What Are Good House Plants For Beginners?

uniquelydivine(6)May 28, 2012

Hi,

I'm still trying to get the hang of plants and wanted to know if the following plants are good for beginners.

They are:

1. Calathea (Prayer Plant)

2. Anthurirum

3. Croton

4. Zebrra Plant

I live in New York City. Are these plants easy care? Are they year round plants? Will any of these go into dormancy (rest) during different seasons? Will the cold weather affect them? (even if they're going to be inside I just want to make sure any cold air coming in will not affect them. Will the summer heat affect them?

As you all see, I like different plants, hence my interest in these lovely plants. I just want to make sure I give them the right care.

Any other suggestions as far as "different" house plants for beginners are also welcome.

Thanks

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tapla (mid-MI z5b-6a)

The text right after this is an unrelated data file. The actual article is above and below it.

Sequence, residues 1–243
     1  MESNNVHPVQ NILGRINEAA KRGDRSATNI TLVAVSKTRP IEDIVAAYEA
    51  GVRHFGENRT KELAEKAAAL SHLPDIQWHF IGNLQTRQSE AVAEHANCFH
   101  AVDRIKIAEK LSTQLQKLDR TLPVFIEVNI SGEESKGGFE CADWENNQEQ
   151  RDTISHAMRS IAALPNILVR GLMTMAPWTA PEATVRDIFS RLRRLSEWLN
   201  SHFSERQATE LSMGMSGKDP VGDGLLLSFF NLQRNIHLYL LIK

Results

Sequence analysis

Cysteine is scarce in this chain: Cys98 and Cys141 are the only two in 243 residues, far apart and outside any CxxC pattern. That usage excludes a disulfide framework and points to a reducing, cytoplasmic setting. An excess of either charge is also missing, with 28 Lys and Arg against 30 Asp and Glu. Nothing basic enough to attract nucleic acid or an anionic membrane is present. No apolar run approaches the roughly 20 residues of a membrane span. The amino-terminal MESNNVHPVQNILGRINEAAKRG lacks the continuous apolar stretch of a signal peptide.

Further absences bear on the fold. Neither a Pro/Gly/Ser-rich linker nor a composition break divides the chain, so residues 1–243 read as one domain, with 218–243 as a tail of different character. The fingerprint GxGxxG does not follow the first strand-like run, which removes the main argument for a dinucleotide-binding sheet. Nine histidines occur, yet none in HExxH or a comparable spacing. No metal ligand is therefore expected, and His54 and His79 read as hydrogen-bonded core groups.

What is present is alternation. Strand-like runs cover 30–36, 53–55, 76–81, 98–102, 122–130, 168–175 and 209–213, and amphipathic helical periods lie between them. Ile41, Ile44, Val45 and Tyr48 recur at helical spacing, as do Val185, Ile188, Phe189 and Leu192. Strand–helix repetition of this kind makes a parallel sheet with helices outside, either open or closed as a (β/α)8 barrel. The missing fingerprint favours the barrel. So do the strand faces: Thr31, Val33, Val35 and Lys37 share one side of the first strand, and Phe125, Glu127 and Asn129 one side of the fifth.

Schefflera and sansevieria have to be near the top of the list of easiest to care for. I'm thinking pothos and philodendrons, too. Might as well add aspidistra, ponytail palm, and diffenbachia, too. Most of the problems encountered in growing houseplants become manifest as a result of a poor soil choice or a combination of poor light and poor soil choice. The plants that are usually considered more difficult are usually those less tolerant of poor conditions in the root zone. Almost anything is easy if you use a quality soil and can serve up an appropriate helping of light. I'd venture to say that you can't consider a soil a quality soil unless it affords you the ability to water copiously enough to flush the soil thoroughly, at will, without having to worry that the soil will remain saturated so long that root rot becomes a likelihood.